In the beds, the substrate layer is about 8 inches (20 cm) thick. Two inches (5 cm) of peat moss is spread over the substrate to supply moisture. This is called the ‘casing layer’. The mushroom mycelia permeate throughout the substrate and grow up through the casing layer. By controlling the temperature, humidity, oxygen and CO2, the grower stimulates the mycelia to form mushrooms on the surface of the peat moss. The whole process from spawning to harvest takes about 14 days.

So what should you do to remove the specs of dirt? Simply give the mushrooms a quick rinse under cold running water and pat dry just before you enjoy them!

posted by Brittany

Feature Friday: Fast and Nutritious Back-to-School Meals

Mushroom Stuffed PitaGet your pencils, books and lunches packed, it’s back to school time!

Can you believe that it is almost September! And you know what that brings; the common parent challenge – what to pack in the children’s lunch bags that is fast, delicious and nutritious! A good place to start is fresh fruits and vegetables.

Canada’s Food Guide recommends children ages 4-13 eat 5-6 servings of Fruit & Vegetables a day. One hundred grams (100 g) of fresh mushrooms counts as 1 serving of Fruits & Vegetables. Not only are they low in calories and fat, they also provide vitamins, minerals, fibre and protein, all important in keeping your child going throughout the day.

So when pack your children’s lunch bags for the first day of school, add these fast, tasty and nutritious mushroom snacks:

· Mushroom Dippers
Send along fresh whole or thick sliced mushrooms for dipping instead of crackers or chips. Vary the dip each day for a different flavour.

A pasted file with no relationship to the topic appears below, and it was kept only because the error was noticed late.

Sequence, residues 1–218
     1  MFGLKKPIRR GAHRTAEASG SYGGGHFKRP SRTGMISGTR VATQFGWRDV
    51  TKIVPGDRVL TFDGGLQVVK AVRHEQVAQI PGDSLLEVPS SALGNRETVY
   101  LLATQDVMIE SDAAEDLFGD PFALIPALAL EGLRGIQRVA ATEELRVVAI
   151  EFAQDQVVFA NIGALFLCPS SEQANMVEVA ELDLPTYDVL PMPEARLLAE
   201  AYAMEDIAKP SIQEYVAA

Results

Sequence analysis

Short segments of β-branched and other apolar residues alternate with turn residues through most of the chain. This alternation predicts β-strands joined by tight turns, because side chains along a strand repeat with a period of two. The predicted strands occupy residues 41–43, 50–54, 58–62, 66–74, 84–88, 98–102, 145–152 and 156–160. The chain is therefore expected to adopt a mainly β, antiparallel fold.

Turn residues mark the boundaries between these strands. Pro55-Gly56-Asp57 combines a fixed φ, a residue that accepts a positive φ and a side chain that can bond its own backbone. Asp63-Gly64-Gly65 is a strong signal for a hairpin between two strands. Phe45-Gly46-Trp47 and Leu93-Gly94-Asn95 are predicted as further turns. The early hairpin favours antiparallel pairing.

· Mushroom Pita Pocket
Mix sliced mushrooms with shredded cheese, chopped vegetables of your choice, and low-fat Italian dressing. Seal in a plastic container and send along with half a whole wheat pita. Stuff the pita with mushroom mixture at lunch time for a fast and tasty meal. Get the full recipe here.

· Mushroom Guacamole
In a sealable container, mix finely chopped mushrooms with mashed avocado, a sprinkle of lemon juice, and garlic. Send along with whole wheat tortilla chips or pitas for dipping.

· Mushroom Pizza
Make a mock mushroom pizza with an English muffin, tomato sauce, sliced mushrooms, cheese and pepperoni. Send along in individual containers so that they can assemble the pizza at school. Eat cold, or heat in a microwave until warm.

Feature Friday: Thai Noodle and Vegetable Salad Video

Mushrooms Canada has another great new cooking video up on our YouTube Channel called Thai Noodle and Vegetable Salad. This recipes is light, simple to prepare, and tastes even better after a day in the refrigerator.

Thai Noodle and Vegetable Salad
Preparation Time: 25 mins. Cooking Time: 2 mins.

A popular salad to serve as part of an Asian meal or an accompaniment to grilled fish or meat or serve for a lunch or light dinner.

6 oz. rice stick noodles 180 g

Salad Dressing:
2 tbsp Each hoisin sauce and rice vinegar 25 mL
2 tbsp Each sesame oil and soya sauce 25 mL
2 tbsp lime juice 25 mL
2 large cloves garlic, crushed 2
1½ tsp finely grated fresh gingerroot 7 mL
8 oz. sliced fresh Mushrooms (white or crimini) 250 g
1 cup julienned sweet red pepper 250 mL
1 cup julienned snow peas 250 mL
1 cup purchased pre-shredded carrot*250 mL
2 green onions, diagonally sliced 2
1/2 cup chopped fresh cilantro leaves 125 mL

In a large bowl soak noodles in hot water for 20 minutes; drain and cook in boiling water for 2 minutes; drain well and place in large bowl.Meanwhile in a measuring cup or jar with lid combine hoisin sauce, rice vinegar, sesame oil, soya sauce, lime juice, garlic and gingerroot; stir or shake to blend well. Pour half of the dressing over drained cooked noodles.Toss mushrooms, pepper, peas, carrot, onions and cilantro and remaining dressing with noodles. Serve at room temperature or chill until the next day. Garnish as desired when serving.

*Substitute julienned carrot for pre shredded carrot.


  1. Substitute 1 cup (250 mL) prepared Asian dressing and 2 tbsp (25 mL) lime juice and 2 tbsp (25 mL) soya sauce for the dressing above.
  2. Substitute whole wheat linguine or fettuccine for rice stick noodles and cook according to package directions.

Nutritional Information: Calories: 288, Sodium: 633 mg, Protein: 5.3 g, Fat: 7.8 g, Carbohydrates: 50.2 g, Dietary Fibre: 4.2 g

posted by Brittany